Sleep in jellyfish

Cover Image by More details to come.  

Two-element gene regulation the Wnt pathway

A recurring theme in evolution is how existing components in a biological system can be modified or reused for another context or function. Take, for example, signaling pathways. In complex organisms, such as humans, there are thousands of processes that require coordination via signaling, such as developmental programs, immune processes, homeostatic regulation, etc. Yet, signaling in these organisms has evolved so that remarkably few of the highly conserved signaling pathways govern multitudes of aforementioned processes. Part of the ongoing question … Continue reading

Relative perception in the Tgf beta pathway

While complex, the basic process of a signaling pathway can be described easily: after a cell encounters a signal, a messenger protein within the cell is activated and binds to DNA, altering gene expression in proportion to the signal. Despite the simplicity of the process (signal–>messenger–>DNA gene expression), these pathways contain numerous other components, whose functioning is necessary for regulating the activation of the messenger in response to signal. Dysregulation of pathway components is often associated with developmental defects and/or … Continue reading

How do cells compute logarithm?

A fundamental property that sets life apart from non-life is the ability to sense and react to changes in the environment. While we know that each and every cell must somehow process information about the world around it, it is often difficult to understand why a given collection of biological parts is well suited for a particular task. How do bacteria know where to find food? How does a stem cell know whether to become a bone or muscle cell? … Continue reading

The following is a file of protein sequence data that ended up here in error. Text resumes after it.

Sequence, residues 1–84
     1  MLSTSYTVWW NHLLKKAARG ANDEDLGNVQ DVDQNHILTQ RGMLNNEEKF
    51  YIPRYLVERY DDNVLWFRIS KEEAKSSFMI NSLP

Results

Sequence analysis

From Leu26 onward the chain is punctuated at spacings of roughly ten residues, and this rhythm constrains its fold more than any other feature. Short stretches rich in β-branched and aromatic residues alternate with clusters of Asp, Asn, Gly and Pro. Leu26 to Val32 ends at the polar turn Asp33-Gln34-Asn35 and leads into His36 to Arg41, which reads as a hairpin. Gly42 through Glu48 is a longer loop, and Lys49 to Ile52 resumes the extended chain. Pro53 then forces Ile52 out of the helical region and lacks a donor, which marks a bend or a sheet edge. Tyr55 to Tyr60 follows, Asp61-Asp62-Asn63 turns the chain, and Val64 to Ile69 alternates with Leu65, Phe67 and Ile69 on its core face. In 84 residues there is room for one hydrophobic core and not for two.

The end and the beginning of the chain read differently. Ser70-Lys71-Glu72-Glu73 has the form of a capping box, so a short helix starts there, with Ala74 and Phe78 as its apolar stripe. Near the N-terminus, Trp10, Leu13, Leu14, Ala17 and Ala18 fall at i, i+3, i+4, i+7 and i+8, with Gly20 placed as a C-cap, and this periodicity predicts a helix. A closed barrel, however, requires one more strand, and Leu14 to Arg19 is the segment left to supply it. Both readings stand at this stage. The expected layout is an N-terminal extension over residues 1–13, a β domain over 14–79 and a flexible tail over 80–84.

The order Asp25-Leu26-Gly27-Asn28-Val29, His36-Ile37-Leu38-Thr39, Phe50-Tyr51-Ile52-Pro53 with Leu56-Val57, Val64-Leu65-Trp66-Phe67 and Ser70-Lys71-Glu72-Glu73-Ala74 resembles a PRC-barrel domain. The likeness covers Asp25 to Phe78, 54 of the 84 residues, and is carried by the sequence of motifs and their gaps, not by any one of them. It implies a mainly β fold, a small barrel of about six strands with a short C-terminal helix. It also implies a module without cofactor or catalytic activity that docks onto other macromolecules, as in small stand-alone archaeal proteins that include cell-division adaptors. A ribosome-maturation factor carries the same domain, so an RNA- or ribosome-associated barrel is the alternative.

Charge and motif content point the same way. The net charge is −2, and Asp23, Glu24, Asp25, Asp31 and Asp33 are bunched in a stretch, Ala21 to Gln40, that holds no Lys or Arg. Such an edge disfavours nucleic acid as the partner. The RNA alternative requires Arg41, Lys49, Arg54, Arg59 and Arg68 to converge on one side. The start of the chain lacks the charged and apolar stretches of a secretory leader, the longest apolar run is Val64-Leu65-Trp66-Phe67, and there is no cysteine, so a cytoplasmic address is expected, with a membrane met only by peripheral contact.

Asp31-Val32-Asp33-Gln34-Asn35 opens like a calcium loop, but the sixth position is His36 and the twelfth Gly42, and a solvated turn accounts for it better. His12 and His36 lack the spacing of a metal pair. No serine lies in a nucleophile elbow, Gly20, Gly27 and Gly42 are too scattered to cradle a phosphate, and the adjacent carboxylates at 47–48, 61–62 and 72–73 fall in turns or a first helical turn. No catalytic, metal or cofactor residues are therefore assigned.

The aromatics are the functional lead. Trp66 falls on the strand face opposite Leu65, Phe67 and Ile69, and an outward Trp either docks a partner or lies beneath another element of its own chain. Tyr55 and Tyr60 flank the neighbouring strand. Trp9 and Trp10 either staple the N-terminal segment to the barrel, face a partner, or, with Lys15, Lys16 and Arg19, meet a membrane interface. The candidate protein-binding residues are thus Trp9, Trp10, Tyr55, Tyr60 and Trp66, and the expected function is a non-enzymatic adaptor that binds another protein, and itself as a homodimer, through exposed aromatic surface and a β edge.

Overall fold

Self-repairing symmetry in jellyfish

  Some facts about jellyfish according to National Geographic. Jellyfish are favorite meal of sea turtles. In 1991, moon jellies flew aboard the space shuttle Columbia for a study on weightlessness and development of juvenile jellyfish. Although they have no brain, jellyfish have somehow been smart enough to survive for more than 500 million years. Almost by accident, we began experimenting on the moon jelly Aurelia aurita in the lab.  To our delight, we discovered that jellyfish ephyra, the juvenile jellyfish, displays … Continue reading

Relative perception in the Wnt pathway

Here is an idea we are very ardently pursuing in the lab. In multicellular animals, cells constantly signal with one another to coordinate function.  About twenty or so signaling pathways have been identified so far. Each signaling pathway consists of a network of dozens of interacting proteins. How do these pathways transduce signal from outside into specific responses inside the cells?  How is information propagated?  When we set out to ask these questions, we found that another question had to … Continue reading

Robustness in embryo development

Here is a long-standing fascination in embryology. When we think about how many uncertainties a growing embryo is facing, it is remarkable that embryos do not grow into unrecognizable monsters.  Protein levels are different from cell to cell, environmental parameters fluctuate, genetic variations abound, size and geometry vary.  But development of embryos relies on a large network of biochemical reactions and molecular transport, both of which are sensitive to variation in concentration, temperature, rate constant, geometry, among many other parameters. … Continue reading